by Wendy Bichel
When Dr. Dave asked me to do a producer's blog, he suggested as a possible theme, what affect coproducing the musical is having on our marriage. Yesterday, sitting down to write, I realized that the answer to this question has actually found its way into the script of Bikers in Camelot.
I was a singer-songwriter in NYC when Ken and I first met. Ken’s initial training and experience was as a classical pianist; he had graduated from Juilliard. When we met he was musical director for singers like Judy Collins and Janice Ian. I was shopping for a musical director for my show and spent an afternoon at the piano with him. We had what I’d call a serious rapport. I went home and told a girlfriend, “Now I know what my type is.” Although we didn’t end up working together then, he did offer me piano lessons... lessons that I’m still waiting for. A short while later we started living together, and, as is quite common when we fall in love, I had no idea what I was getting into.
I have come to believe that we should interview our prospective partner’s parents. If we did, we’d learn a lot. But we’d probably stop dating. Ken’s mother was a challenging woman, with a lot of beliefs about who was good enough for her sons. She started indoctrinating them early. She often told Ken stories about the wife of the famed pianist, Sviatoslav Richter. Richter’s wife sat outside the door every time her husband practiced, adoring every note he played and shooing away anyone who might disturb her genius. “That’s the kind of wife you should have,” Ken’s mother repeatedly told him, thus cursing my life.
Although I was seriously in love, I had never even considered a full-time role as a devotee. I was a feisty chiquita with my own career. Since I was not going to be Mrs. Richter, we played a typical couple’s game – Let’s Make a Deal. We would both have our own careers and we wouldn’t discuss them with each other. Looking back I suppose, that way we could at least pretend I was Mrs. Richter. Sometimes we really have to stretch to maintain a fantasy. In the musical, Bikers in Camelot, the two protagonists also agree not to read or discuss each other’s work. It’s as hurtful to them as it was to us. It’s painful to be holding back parts of yourself in a relationship.
Ken and I maintained our contract for a while. I found a wonderful musical director, fresh out of Yale Music School, Kathy Sommer, who later became musical director for Beauty and the Beast. Every time I wrote a new show, and Kathy arranged it, Ken would play synthesizer in the band. A couple years down the road, I wrote a song called “Silver Antenna,” about a Martian princess who falls in love with an astronaut. Ken loved it and created an entire synthesizer space ballet in the middle of it. Once I had a taste of what he could do with sounds, I began writing more and more songs that took advantage of the way he could create colors and moods with these crazy electronic instruments. It sneaked up on us, but we were collaborating.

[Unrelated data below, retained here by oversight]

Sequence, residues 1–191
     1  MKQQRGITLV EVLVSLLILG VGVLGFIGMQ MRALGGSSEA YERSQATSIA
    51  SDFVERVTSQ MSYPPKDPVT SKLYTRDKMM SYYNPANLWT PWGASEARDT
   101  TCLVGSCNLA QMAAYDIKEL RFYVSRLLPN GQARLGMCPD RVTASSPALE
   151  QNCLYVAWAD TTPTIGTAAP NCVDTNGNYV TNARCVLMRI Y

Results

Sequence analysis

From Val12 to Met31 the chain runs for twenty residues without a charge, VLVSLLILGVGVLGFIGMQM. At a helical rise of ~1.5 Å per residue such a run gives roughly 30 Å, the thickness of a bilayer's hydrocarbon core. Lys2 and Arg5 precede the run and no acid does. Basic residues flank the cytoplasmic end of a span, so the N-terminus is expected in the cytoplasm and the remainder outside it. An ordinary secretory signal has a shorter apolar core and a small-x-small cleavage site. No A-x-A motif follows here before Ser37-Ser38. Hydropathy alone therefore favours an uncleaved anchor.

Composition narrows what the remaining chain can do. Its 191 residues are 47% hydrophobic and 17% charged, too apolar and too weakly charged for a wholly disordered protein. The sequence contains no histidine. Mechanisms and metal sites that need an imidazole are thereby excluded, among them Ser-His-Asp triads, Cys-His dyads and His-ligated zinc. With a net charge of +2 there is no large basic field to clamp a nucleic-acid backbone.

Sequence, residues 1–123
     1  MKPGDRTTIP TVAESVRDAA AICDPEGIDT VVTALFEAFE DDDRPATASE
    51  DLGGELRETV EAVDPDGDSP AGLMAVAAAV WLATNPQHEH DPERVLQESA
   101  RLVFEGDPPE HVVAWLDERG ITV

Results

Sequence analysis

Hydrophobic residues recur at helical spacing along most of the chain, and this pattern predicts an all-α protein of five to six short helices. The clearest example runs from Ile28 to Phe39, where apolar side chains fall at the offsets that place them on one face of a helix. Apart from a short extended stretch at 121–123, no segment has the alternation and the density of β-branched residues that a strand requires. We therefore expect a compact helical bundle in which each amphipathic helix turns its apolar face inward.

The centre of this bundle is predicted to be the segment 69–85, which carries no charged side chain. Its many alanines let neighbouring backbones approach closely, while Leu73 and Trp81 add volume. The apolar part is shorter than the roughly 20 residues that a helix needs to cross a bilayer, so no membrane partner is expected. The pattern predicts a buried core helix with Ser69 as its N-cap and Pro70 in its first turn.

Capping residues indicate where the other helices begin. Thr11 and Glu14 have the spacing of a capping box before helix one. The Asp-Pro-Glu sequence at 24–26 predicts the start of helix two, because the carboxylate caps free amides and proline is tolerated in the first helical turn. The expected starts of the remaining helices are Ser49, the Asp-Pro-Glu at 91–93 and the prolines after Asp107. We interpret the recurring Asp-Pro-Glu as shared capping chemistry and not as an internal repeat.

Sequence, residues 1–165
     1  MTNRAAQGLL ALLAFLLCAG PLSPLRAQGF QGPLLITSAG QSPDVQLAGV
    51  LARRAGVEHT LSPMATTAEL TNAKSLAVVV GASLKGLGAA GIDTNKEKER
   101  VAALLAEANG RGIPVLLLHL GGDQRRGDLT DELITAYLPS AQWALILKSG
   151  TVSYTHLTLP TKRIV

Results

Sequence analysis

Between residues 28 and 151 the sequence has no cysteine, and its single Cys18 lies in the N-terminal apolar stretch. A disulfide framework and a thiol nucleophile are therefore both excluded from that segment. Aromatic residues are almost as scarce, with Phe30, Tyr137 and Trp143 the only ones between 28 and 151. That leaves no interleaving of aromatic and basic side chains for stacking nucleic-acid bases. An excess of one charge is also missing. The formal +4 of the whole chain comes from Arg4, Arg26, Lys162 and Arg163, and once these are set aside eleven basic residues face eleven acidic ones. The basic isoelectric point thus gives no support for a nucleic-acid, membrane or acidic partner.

So fast, fast, forward and here we are. Ken is arranging and conducting a show with 17 songs that I’ve written. We are also co-producing, and trying not to melt down simultaneously – a contract that is impossible not to break. Sometimes we have to do the boundary dance – this is your area and this is mine, but there has been no bloodshed. For our own sanity, we’ve made an agreement not to talk about the show... all of the time. Good luck to us on that one. Leisure is a word that is no longer in our vocabulary, but we’re holding hands more.
To learn more about the show and watch a teaser with a few snippets of the songs and learn how you can help the production, please go to our Indiegogo
- www.boletocity.com or
- Boleto City upstairs at Sano Market or
- at the theater box office an hour before the show.
Wendy Bichel (producer, book, music and lyrics for Bikers in Camelot) graduated from Stanford in creative writing. After a successful stint in Europe singing jazz, she returned to New York City during the “golden age of cabaret,” and performed a series of original one-woman shows, including the successful, Wendy Wonder and the Permanent Wave. She received a full fellowship from the highly acclaimed Masters Program in Music Theatre Writing at NYU. She was commissioned by Gail Merrifield Papp of the Public Theater to write a ten-minute musical, then a full-length musical, Love, Sex and Rock and Roll. A European PR firm commissioned her to write a musical/pageant, The Millennium Medicine Show for Tina Turner. Among her other works are a two-actor vampire musical, Are You Dying to Live with Me; an opera, The Garden of Katan; Emir, a children’s musical; and Bikers in Camelot, which has had workshops and staged readings in New York City and further development in San Miguel de Allende, where it opens February 20, 2019.
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